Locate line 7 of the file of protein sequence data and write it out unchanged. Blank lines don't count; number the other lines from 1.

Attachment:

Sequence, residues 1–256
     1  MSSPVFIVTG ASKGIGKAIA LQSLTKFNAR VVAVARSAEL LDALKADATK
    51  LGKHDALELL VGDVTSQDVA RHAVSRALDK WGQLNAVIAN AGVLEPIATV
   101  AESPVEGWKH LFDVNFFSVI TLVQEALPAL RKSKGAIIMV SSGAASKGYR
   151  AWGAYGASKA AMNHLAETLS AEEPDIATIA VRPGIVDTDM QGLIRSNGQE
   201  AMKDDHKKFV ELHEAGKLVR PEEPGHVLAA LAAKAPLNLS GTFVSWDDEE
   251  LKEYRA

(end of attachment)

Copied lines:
   251  LKEYRA